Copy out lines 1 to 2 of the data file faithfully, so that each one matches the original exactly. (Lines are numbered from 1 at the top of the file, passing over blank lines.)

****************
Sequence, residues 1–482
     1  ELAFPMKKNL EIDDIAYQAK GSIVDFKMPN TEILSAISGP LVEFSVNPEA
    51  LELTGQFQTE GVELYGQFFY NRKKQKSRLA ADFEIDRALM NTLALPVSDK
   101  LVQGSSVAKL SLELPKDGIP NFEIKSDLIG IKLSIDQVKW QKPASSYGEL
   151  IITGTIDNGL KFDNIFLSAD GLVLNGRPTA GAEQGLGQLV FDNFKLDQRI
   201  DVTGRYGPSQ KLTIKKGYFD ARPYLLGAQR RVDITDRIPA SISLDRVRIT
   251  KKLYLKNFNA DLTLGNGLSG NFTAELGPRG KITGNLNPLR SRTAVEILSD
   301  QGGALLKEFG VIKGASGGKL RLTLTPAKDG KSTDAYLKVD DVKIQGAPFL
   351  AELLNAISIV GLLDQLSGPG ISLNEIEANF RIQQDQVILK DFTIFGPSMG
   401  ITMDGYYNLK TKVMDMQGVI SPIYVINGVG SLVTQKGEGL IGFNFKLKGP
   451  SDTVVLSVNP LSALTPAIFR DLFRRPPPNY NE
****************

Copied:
Sequence, residues 1–482
     1  ELAFPMKKNL EIDDIAYQAK GSIVDFKMPN TEILSAISGP LVEFSVNPEA